• Consider what needs to be in your living space.Smallin recommends completely clearing the kitchen countertop, then putting back only the items you use every day, or at least once a week. "Take the rest and store it," she says. Important paperwork such as deeds, titles and tax documents can be stored high on a shelf someplace in your house, where they are readily available but not in the way. Both Office Max and Staples (SPLS) offer a wide selection of storage solutions including clear legal file totes, vertical files and binders, as well as paper shredders to help you free up space and keep valuable personal information from falling into the wrong hands.
  • If you're having trouble getting others onboard, draw them into the solution.With a spouse or partner, Smallin recommends negotiation. "It's easier to say to your husband or wife, 'If you can keep your stuff out of the family room, I'll do something for you,'" she explains. With children, opt for a trial separation. "Box up old toys and put them in the attic, saying, 'We need to put some things away,'" advises Smallin. Date the boxes; six months later, if you haven't used or looked for any of their contents, you don't need them. Sterilite storage bins available at Target come in a 70-quart size, are made of clear plastic and are stackable, perfect for putting away toys and games.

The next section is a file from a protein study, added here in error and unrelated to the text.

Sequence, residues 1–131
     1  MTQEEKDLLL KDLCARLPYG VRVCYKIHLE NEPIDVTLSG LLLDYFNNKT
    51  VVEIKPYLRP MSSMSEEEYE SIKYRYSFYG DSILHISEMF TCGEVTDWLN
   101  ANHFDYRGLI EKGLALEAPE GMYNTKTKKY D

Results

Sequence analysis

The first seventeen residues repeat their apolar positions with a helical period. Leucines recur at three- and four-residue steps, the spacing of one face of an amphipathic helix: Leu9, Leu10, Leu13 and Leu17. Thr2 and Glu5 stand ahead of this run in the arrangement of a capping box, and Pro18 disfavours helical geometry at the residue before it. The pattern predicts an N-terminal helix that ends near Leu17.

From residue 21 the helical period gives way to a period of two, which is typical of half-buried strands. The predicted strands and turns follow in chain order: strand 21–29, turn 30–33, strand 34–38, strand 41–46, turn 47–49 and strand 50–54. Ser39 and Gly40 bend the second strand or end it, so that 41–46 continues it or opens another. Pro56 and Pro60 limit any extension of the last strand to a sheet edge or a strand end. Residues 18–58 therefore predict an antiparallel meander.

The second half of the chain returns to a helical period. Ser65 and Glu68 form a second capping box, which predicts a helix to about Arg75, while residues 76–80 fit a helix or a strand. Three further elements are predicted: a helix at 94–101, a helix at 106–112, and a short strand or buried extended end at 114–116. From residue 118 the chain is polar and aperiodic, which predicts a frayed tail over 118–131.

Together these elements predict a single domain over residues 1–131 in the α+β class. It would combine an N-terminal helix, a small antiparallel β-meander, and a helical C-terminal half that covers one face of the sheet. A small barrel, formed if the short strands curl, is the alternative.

Start organizing and you'll experience immediate benefits. "You'll see right away how nice it is to find things when you need them," Smallin says.

Enjoy the Good Life? Email us with what you'd like to see in future articles.

Anne McDarby is a freelance writer living in New Jersey. Her professional experience includes work as a newspaper reporter and editor in northern New Jersey and more than 15 years in health care public relations and marketing.